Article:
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The Path to Healing

Recognizing the Self

Understanding the self is primary to walking the path to healing. Recognition must be made of the true self before the student can understand that which is most needed in order to heal the self. Belief systems and ways of being prohibit the student from opening the self to another with lesson presentation. The inability to clearly identify behaviors and characteristics that represent blockage to learning is the fundamental cause of lesson failure. Recognizing the true self is the purpose underlying these exercises.

It is once again important to feel the response versus analyzing it with the mind; unpalatable behaviors are not easily recognized as belonging to the self when the student accesses the thinking mind, which employs judgment or the right versus wrong measurement. Denote the self’s behaviors and characteristics below.

I embrace that aggressive behaviors are a natural result of field connections.
Controlling my experiences or environment is not important to me.
Do I offer to assist others?
Do I accept the assistance of others?
Am I a willing participant within a group?
Do I enjoy interacting with others?
Do I enjoy time spent alone?
Am I a welcoming individual?
I search for varying viewpoints in order to expand my thinking.
I enjoy debating another, gaining different viewpoints, which identify those areas in need of change for my self.
I purposefully place myself in situations with others who are different.
I understand that avoiding others who are different prohibits my growth.
Do I welcome different viewpoints?
Do I defend my viewpoints when challenged with another?
I understand that silently judging another that is different from my self is just as damaging as vocally judging another.
Do I review differences to determine if I should change my way of being prior to discarding the difference?
Am I willing to change my mind?
I understand that changing the mind does not indicate faulty thinking or poor decision-making skills.
I welcome differences of opinion without diminishment, whether silent or vocal.
Did my parents endorse flexibility?
Am I willing to believe that change is necessary to growth?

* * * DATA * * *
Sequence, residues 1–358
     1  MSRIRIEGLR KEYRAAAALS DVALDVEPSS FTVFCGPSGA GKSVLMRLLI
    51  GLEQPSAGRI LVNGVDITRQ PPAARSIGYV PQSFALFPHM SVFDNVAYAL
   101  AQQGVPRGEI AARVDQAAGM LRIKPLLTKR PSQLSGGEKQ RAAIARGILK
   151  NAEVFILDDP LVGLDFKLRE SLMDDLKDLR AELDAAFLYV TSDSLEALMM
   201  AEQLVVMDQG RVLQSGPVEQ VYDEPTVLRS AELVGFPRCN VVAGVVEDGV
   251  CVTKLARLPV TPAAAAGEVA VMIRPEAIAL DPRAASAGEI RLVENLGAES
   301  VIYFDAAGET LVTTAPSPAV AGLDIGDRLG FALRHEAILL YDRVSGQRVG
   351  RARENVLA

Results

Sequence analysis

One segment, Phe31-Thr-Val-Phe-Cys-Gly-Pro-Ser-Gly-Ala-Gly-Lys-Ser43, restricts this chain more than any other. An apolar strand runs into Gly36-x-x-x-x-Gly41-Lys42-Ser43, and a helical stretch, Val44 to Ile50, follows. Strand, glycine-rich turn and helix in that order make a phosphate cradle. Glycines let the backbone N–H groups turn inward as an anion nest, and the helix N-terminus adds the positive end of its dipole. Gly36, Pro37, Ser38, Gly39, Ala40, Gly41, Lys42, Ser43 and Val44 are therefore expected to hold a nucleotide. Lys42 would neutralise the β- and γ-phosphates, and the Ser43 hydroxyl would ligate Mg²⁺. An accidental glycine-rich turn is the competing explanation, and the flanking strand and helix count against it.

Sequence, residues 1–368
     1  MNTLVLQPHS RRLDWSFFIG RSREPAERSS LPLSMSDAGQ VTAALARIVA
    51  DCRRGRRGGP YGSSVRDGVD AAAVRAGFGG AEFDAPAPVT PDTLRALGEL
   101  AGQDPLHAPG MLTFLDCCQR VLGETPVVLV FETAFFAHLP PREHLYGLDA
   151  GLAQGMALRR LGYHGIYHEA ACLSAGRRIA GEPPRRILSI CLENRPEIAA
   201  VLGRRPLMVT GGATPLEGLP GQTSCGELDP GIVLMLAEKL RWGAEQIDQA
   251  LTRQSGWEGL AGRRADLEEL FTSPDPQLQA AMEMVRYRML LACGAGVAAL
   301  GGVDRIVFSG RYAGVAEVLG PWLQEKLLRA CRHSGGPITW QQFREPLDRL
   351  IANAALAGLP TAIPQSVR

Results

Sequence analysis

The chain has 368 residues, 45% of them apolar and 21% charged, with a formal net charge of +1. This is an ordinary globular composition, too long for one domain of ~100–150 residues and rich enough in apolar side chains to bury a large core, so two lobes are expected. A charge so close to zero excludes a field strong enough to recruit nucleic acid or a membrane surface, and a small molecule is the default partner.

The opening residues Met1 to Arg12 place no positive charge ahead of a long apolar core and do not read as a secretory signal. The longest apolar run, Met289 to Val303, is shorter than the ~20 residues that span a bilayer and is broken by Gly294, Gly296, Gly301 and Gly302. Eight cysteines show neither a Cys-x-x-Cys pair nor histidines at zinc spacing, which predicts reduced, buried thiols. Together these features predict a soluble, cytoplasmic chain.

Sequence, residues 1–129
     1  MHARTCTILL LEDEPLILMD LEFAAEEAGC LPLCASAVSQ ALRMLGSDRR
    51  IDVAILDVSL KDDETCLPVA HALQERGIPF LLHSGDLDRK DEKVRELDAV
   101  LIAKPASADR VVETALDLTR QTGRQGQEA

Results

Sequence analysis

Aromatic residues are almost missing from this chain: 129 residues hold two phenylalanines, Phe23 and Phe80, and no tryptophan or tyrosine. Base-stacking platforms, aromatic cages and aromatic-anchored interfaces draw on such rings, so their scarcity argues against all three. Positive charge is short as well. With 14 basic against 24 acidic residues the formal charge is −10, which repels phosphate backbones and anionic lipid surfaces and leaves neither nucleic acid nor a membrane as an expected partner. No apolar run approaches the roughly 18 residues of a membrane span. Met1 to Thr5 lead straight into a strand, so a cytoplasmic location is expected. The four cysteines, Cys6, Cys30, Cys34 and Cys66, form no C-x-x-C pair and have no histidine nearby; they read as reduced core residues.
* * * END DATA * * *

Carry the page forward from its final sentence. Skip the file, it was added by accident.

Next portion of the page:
Do I endorse another’s change of view, without repercussions?
Am I willing to change all areas that have been identified as faulty to my current path?
Do I invite conversations that contain content known to be different than my own belief system?
Do I accommodate others, rather than expecting others to accommodate me?
Am I willing to open myself to review by another?

Observing all indications of ‘No’, the student must begin to recognize areas of rigidity that are prohibiting growth; this growth is necessary in order to traverse the path to healing. Rigid belief systems and ways of being are tools of the ego that maintain the student’s continuous connection to the lower fields of consciousness. Failure to achieve willingness to observe the self impartially, determining those areas in need of change, modifying behaviors that prohibit learning, indicates that the student has decided to remain unhealed; this decision may be conscious or unconscious. Periodic review of belief systems and ways of being, that maintain one’s separateness from another, need be performed, so that growth may be achieved.

The student must embrace that change is critical to one’s path, for needs change as one ages, seeking soul evolution; belief systems embraced early in the life need be scrutinized to determine its value to the self, at this time. Failure to do so routinely, as lesson is presented, provides permission to the soul to continue to magnetize catalyst, indicating that review is needed, in order to enable vital growth. Repeating lessons that invite conflict into one’s life experience need be observed to determine those belief systems and ways of being, indicated within the conflict, that the soul has determined to be in need of review; avoiding topics within interactions with others is a key indicator of those areas most in need of review. The student need be aware that any conflict experienced by the self indicates that the soul is desirous of review, and potentially revision, to ensure forward progress.

Recognizing that the belief system or way of being disagrees with the stated goals of the student that is focused upon the evolution of the soul is primary. Areas of conflict that clearly define the student as self or ego-based need be determined, for as long as these remain stable and encouraged by the self, the soul will remain secondary to the ego. Opening the self to review by another will aid the student in identifying those areas that conflict with the stated goals. The student that is willing to review all areas of conflict encountered within the life experience, determining that which is most appropriate for the self, at this stage of the evolutionary path, modifying those areas that maintain stagnation, is the student that walks the path to healing. Refusal to embrace that change is necessary ensures lesson failure.